For a learning program to have a long-lasting impact on how employees operate in their daily work, it is crucial for it to be not only tailored to their needs but overwhelmingly compelling. A learning program that engages the learner is more than just a presentation or a video on new information. It is a dynamic experience that effectively convinces the learner of the benefit of adopting the new information.
“[W]hen you start to think about the learning journey similar to the way you would think about a customer journey, and you start to appreciate that just like that customer our learner can opt-out of a learning journey at any time, it does prioritize that learning experience design,” said Fletcher.
A key aspect of working on getting buy-in from the learner is utilizing language and subject matter that is directly applicable to their work. Demonstrating the importance of the new information through language and examples that are easily accessible and already familiar to them can help to convince learners that it will translate well and be beneficial to them upon adoption.
“[W]e need to make sure we’re not coming at subjects as academics, as technical experts,” said Alyssa Clark, director of engagement and innovation for customer and partner education at ServiceNow. “We’re having conversations as they sound in the flow of work, in the daily communication with the customer. I think tying it to those stories, tying it to the real-life experiences is where that magic happens.”
Featuring input from learners can be a great opportunity for sales enablement professionals to generate more engagement throughout the learning program. Through methods like gathering learner feedback on programs, facilitating discussions on their experiences or understanding of the new information, and highlighting stories from other employees, sales enablement professionals can further engage and convince the learner of the benefit of adopting the new information.
Expanding the Learning Journey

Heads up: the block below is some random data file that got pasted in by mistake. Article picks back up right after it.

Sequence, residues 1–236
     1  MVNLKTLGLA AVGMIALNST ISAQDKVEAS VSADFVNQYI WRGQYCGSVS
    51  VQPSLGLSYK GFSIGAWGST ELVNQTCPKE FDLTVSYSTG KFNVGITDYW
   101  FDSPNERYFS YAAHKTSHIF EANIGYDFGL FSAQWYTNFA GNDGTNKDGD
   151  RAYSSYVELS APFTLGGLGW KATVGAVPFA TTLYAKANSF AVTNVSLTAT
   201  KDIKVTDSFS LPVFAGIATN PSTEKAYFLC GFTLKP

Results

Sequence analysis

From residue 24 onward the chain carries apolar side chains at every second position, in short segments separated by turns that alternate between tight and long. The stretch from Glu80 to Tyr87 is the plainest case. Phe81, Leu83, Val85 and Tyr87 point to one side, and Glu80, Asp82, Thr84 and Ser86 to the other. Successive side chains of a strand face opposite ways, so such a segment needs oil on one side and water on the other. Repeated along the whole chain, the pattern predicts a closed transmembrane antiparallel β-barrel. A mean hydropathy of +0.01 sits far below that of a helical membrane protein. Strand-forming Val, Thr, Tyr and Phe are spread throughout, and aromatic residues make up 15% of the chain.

The before and after of a learning program can be vital opportunities for sales enablement professionals to engage and excite learners preceding the program and then drive home the continued importance of new information after.
“The things that happen before and after a learning event, I think as an industry, are our most underutilized opportunities to build motivation and retention and sustained performance,” said Fletcher.
Leading up to the start of the program, sales enablement professionals can share the designed format and intended benefit with learners. Having this information available for learner’s prior to the program can be of great help in motivating learners to participate in the program. It also encourages the learner to take the time before the program starts to talk to other reps and consider the unique knowledge that they can then bring into the program.
In addition, after the program traditionally concludes, sales enablement professionals can use different strategies to continue to engage the learner with the information. Implementing strategies like ongoing group discussions can be useful for learners to discuss their successes or issues after applying the knowledge or skills gained in the learning program. This can also be a great opportunity for enablement professionals to assist with any collective issues and to coach further on techniques or strategies that learners can use to help enhance adoption and success.
Sales enablement professionals can also learn how the well program and new information was received and adopted by the learners through intermittent surveys, interviews, and observations. Collecting this post-program information can give more insight and detailed ways that the enablement professionals can continue to improve the learning program to better engage or meet the needs of the learners.
How a learning program is designed is influential in determining how well it will be adopted by learners. To create a program that convinces and influences how learners will work in the future, it needs to be based on an understanding of the learner’s needs and expand beyond the traditional scope of a learning program. With an understanding of how these factors play a role in learners’ engagement, sales enablement professionals can design programs that will more effectively sell the benefit of adoption.